The current study identified a number of other important factors that were related to performance of diabetes self-management behaviours. When these factors were examined in multiple regression analyses, the domains of Goals, Behavioural regulation and Emotion or psychological distress were statistically significant across more than one behaviour. The findings suggest that setting diabetes-related goals and action plans, including how to manage diabetes in the face of fluctuations in mental health, may be important for optimising diabetes self-management, supporting our previous qualitative work [11]. Few participants (28.6%), however, had developed a diabetes care plan with their healthcare professional. Emotional factors were also important, but only 40% of participants reported that they had received emotional or psychological support from a specialist healthcare professional or service, which is of particular concern given that all participants had a SMI and over half reported at least moderate psychological distress. A recent study of community mental health care planning found that few service users felt they were adequately involved in developing meaningful care plans [35]. The current study indicates that this is the case for their physical as well as their mental health and only a minority of service users feel that their mental health teams support their diabetes care. Community mental healthcare pathways will therefore need to be radically revised in order to improve physical health outcomes in those with SMI.

Identification of the theoretical domains that appear to be important for diabetes self-management in people with SMI is a step towards the development of an intervention to support this population. Recent expert consensus work [29, 30] has produced a method for mapping theoretical domains onto appropriate behaviour change techniques (BCTs) [31]. For example, Goal-setting, Review of [outcome and behaviour] goals and Action planning are BCTs suggested to bring about a change in behaviour by altering a person’s Goals related to that behaviour [36]. One example of the successful use of action planning in mental health is the Wellness Recovery Action Plan (WRAP) [37] which has been widely-used to help people develop plans for maintaining their health when well and action plans to help manage if they become unwell. Use of WRAPs was found to improve psychiatric symptoms and quality of life [37] and reduce the need for and use of mental health services [38]. WRAPs can be seen to incorporate several of the BCTs listed and could potentially be adapted to include diabetes self-management as well as offering a format for developing more meaningful care plans for people with SMI.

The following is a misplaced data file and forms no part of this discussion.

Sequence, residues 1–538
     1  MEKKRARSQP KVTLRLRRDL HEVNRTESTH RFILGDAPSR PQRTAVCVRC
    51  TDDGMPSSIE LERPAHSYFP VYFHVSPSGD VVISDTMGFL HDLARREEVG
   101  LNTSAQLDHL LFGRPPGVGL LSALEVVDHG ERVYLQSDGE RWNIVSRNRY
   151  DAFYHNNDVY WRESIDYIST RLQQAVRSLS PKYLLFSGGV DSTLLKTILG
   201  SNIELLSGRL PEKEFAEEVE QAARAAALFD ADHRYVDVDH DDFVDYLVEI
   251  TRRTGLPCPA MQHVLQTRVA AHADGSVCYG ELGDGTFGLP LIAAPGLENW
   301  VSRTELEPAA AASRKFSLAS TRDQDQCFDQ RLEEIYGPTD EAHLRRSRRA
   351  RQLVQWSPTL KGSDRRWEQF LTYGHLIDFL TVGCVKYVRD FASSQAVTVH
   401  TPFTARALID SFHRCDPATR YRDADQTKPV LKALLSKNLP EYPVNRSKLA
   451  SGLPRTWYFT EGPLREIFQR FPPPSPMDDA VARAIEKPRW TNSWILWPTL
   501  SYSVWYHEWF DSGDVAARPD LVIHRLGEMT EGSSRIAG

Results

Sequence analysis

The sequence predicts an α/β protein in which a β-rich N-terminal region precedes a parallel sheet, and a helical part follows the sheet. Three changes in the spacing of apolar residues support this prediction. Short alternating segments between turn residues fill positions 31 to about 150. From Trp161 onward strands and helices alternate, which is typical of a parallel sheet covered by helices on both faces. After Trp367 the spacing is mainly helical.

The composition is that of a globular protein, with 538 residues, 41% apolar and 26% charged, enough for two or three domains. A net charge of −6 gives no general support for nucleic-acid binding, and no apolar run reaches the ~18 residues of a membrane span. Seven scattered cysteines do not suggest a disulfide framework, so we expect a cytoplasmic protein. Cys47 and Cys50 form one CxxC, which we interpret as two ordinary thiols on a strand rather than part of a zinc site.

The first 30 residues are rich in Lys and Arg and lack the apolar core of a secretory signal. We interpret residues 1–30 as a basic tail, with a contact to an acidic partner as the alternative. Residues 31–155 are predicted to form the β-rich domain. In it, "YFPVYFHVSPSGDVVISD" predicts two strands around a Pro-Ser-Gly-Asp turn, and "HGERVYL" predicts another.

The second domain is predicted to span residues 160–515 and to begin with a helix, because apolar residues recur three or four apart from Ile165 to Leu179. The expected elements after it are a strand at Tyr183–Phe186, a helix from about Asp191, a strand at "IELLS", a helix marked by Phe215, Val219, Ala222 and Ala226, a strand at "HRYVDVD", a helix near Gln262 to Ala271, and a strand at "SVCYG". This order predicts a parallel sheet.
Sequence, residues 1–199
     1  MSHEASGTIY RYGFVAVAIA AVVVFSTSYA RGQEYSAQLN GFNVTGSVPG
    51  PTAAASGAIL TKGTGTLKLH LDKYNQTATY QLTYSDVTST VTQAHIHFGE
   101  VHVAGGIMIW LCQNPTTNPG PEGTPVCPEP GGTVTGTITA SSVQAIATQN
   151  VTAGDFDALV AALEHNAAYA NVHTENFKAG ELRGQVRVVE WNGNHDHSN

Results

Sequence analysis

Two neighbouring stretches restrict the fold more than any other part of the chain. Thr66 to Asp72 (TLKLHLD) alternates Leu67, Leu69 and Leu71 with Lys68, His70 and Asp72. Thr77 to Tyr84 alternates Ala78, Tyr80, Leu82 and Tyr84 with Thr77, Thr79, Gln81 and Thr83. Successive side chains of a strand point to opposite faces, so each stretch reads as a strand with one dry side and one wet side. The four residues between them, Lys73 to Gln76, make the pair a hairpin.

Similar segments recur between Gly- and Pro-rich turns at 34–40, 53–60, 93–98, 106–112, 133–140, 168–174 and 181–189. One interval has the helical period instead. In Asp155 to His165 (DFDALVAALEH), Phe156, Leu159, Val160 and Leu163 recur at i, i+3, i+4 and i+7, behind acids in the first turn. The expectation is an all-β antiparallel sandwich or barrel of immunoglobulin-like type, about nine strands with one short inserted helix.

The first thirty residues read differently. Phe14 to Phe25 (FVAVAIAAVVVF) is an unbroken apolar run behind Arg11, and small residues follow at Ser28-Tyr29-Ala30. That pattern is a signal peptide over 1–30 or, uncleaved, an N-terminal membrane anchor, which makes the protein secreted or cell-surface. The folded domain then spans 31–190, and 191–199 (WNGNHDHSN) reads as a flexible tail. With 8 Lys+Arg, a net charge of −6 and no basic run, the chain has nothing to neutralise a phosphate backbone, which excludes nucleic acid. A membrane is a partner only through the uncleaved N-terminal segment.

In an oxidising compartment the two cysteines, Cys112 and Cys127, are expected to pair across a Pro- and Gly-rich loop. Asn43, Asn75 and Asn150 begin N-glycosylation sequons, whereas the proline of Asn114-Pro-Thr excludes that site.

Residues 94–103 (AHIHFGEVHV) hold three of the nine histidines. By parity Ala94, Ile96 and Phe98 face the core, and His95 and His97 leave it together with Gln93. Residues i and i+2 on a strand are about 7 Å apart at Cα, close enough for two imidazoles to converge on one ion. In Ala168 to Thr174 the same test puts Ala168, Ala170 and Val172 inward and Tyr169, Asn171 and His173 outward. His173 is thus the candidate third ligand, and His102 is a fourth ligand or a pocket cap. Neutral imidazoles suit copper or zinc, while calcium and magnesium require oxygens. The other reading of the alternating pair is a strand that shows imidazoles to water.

Self-management education has been shown to improve outcomes for the general diabetes population [3941] and it is encouraging that participants in this study were as likely as the general population with diabetes (perhaps somewhat more likely) to be offered an education course. However this still equated to less than two-thirds being offered an education course and only 60% of participants felt that the available diabetes education met their needs. The recent Cochrane review [26] identified only one education course that had been developed specifically for people with diabetes and SMI [27, 28], and evaluations of other diabetes education programmes often exclude people with SMI [4244]. Given the challenges that people with SMI face when attempting to manage their diabetes, it is important that appropriate education and support is developed and provided on an ongoing basis. Opportunities for provision of diabetes education and skills development should not be limited to diabetes specialist services but also optimised in primary care and mental health services. The current study has identified several factors associated with diabetes self-management behaviour in people with SMI and suggested some strategies that may help to address these. Development and testing of interventions that target these factors may generate more effective diabetes self-management education programmes for this population.